The situation is especially grim for Native American students, who remain a significant percentage of the students in rural Arizona. Only 8% complete a four-year college degree.

The schools in rural counties are also hobbled by relatively low high school graduation rates, according to data maintained on the Arizona Department of Education website, based on the annual auditor general reports.

High school graduation rates took a big hit nationally during the pandemic and have not yet recovered. Clearly, the high school dropout rate has fed into the low college attendance rate.


In Payson, only 83% of high school students graduate within four years, including 77% of the boys and 90% of the girls. Among low-income students, only 78% graduate. In one interesting anomaly, 87% of Hispanic students graduated compared to 83% of whites.

Payson Superintendent Linda Gibson this week reported that the district’s high school graduation rate appears to be making a modest comeback this year, with the full return to in-person classes. The graduation rate appears poised to rise 4%. That’s still below the national average, but a reversal of the decline in the past several years.

Payson students have one enormous advantage in the form of its dual enrollment partnership with Eastern Arizona College. The MHA Foundation pays the tuition cost if students enroll in community college classes, most of which are taught on the Payson High School campus. The program makes it possible for a student to earn a degree from a community college at a fraction of the cost of waiting until after graduation. Some 458 high school students have taken at least one college class through the program in the last six years. About a third have taken at least 13 credits and another third have taken more than 30 credits. Several have completed an A.A. degree.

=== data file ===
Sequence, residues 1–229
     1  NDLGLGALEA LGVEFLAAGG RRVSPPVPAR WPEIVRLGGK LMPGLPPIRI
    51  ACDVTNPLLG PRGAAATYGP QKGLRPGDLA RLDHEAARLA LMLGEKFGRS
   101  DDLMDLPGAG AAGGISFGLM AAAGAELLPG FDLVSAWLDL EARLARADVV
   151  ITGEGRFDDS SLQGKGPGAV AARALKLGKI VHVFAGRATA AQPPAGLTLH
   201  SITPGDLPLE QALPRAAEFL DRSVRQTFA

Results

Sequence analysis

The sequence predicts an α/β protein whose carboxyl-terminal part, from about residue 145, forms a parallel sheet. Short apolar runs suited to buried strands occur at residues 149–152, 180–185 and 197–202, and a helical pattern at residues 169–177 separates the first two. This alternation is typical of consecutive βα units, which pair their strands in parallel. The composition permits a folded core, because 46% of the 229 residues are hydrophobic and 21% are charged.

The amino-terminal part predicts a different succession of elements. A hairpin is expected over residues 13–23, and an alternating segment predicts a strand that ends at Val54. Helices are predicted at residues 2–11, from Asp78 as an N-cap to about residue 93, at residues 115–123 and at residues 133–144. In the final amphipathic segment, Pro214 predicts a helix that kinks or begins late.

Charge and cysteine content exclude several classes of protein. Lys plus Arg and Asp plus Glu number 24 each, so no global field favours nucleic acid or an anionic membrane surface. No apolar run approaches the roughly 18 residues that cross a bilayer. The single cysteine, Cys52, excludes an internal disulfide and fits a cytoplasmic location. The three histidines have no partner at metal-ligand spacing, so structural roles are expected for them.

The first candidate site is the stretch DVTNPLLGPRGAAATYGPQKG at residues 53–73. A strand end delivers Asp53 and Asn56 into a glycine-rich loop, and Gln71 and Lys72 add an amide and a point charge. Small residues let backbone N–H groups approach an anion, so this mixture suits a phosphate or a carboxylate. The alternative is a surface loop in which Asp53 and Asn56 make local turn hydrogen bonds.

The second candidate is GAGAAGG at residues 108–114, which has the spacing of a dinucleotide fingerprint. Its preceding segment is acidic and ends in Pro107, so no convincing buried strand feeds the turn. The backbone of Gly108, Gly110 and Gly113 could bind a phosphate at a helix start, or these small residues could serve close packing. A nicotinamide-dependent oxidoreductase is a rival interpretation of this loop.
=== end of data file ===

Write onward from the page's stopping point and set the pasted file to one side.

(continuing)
But for many students — especially from low-income families — the soaring cost of a college education has put it increasingly out of reach.

President Joe Biden had made reducing high levels of student loan debt a priority, but the efforts stalled in a divided Congress. Biden had campaigned on a promise of canceling at least $10,000 of each of some 45 million students’ outstanding, federally secured debt, but even that appears doubtful. Some 12 million people would emerge from debt with $10,000 of debt forgiveness. President Biden is reportedly considering executive action to rescue the pledge — with the debt relief tied to income. Reportedly, the income threshold might be $150,000 per individual and $300,000 per couple, according to a report by National Public Radio.

Nationally, students owe about $1.75 trillion worth of student debt. That’s about $440 million more than Americans owe on all their vehicles.

Half of the students who graduated with a B.A. in 2020 graduated in debt — an average of $37,000 each. The average cost of tuition at private colleges has risen to $38,000 annually at private colleges and $11,000 annually for in-state residents. Arizona public universities in the past generation have gone from among the least expensive in the nation to the upper third — thanks to a decline in state support for universities and a rapid increase in tuition.

This has priced many students out of the college market.

A study by the Georgetown University Center on Education and the Workforce found that adults with a bachelor’s degree earn $1.2 million more than the median worker with only a high school diploma. Things like age, field of study, occupation, gender and race also play a role — but education remains a big factor. For instance, people with a high school diploma earn an average of $1.6 million in their careers. People with a BA in engineering and architecture about $3.8 million, a BA in journalism and communications about $2.7 million and a BA in education about $2 million, according to the Georgetown study.